The natural beauty of Oregon is incomparable. Nature remains untainted and patiently waiting to be discovered and seen in every corner of the state, whether along the coast or in the heartlands. When you decide to take a walk through the wild side of Oregon hiking trails, you are signing up for a treat, and in this article, we will tell you exactly where to find it.
We have prepared a list of some of the most attractive and scenic routes so that you can make the most of your tryst with nature. Leave all your earthly worries back at home and feast your eyes – and maybe bring something back for your friends and family! Make a video on your smartphone on the go with a video montage maker and make them jealous for not joining you!
But enough said! Let’s dive into the best Oregon hiking trails you can take to relax and reconnect with nature!
1. Ecola State Park
Nothing worth doing is ever easy, but that’s the fun of trying your luck with Ecola State Park! You walk through the many routes that take you through the forest and then emerge on the cliffside, blinking into the sunlight, only to be greeted by the fabulous view of the Pacific Ocean in all its grandiosity. Stand spellbound as you watch the waves crash into the tucked-away beaches.
As you make your way through the walk, you might be greeted by the sight of a lot of wildlife. Depending on your luck, you stand a chance of running across deer, elk, or even whales! If you brave the cliffs, though, your efforts will be rewarded handsomely! Just keep in mind that most climbs and walks are rated moderate in terms of difficulty, so some prior trekking experience is necessary.
2. Humbug Mountain Trail
If you want to give yourself a worthwhile challenge and make every step of it enjoyable, then there is no better trail for you than the one leading up to Humbug Mountain. At 5.1 miles long, this loop trail is nothing to sneeze at, incredibly inexperienced. The first mile will require frequent breaks, but there are a ton of roadside benches for you to sit and rest your legs.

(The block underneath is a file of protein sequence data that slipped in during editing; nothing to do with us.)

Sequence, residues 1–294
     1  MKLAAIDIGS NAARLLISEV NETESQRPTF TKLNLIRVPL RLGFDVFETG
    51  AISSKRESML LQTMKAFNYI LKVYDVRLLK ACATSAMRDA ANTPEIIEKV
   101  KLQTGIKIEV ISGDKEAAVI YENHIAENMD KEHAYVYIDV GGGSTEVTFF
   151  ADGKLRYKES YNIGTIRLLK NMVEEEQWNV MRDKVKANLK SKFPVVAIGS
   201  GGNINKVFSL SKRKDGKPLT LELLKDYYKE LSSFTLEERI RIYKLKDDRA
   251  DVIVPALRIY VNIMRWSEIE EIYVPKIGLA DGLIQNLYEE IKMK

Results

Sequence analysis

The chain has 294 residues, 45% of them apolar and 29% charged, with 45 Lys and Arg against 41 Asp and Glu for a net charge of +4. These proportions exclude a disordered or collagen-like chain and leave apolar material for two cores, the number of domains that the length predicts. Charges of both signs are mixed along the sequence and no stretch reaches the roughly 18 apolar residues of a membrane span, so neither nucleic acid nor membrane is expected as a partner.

Humbug Mountain is the tallest mountain along the Oregon coastline, and the summit offers a genuinely grand view. The Douglas firs and wildflowers that accompany you on the way up and down are absent at the summit, allowing you a truly uninterrupted vista. Be careful on the way down, though, for it is quite steep. Carry enough water and stay prepared for your knees to carry some strain on the decline.
3. The Oregon Coast Trail
Do you want a coastal hike but are not sure about which route is best for you? In that case, we have some good news! You might not have to choose at all! You could hike along the entire coast and turn it into one of the biggest adventures of your life! It’s no hyperbole, either. This 400-mile trek is full of beautiful beaches and coastlines, and though many hikers attempt portions of it, very few try to go all the way in one go.
Running from the California border in the south to the Columbia River in the north, the scenery changes drastically from sandy shores, rocky cliffs, quiet forests, and bucolic little seaside hamlets. There is no shortage of sights with which to charm your senses, but if you attempt this monumental hike, please make sure to have a good map and stick to designated routes to avoid stumbling into private property.
Pro Tip: Pay closer attention to the southern stretch as it is far more remote, and make your plans between June and September to make the best of the dry season.
4. Silver Falls State Park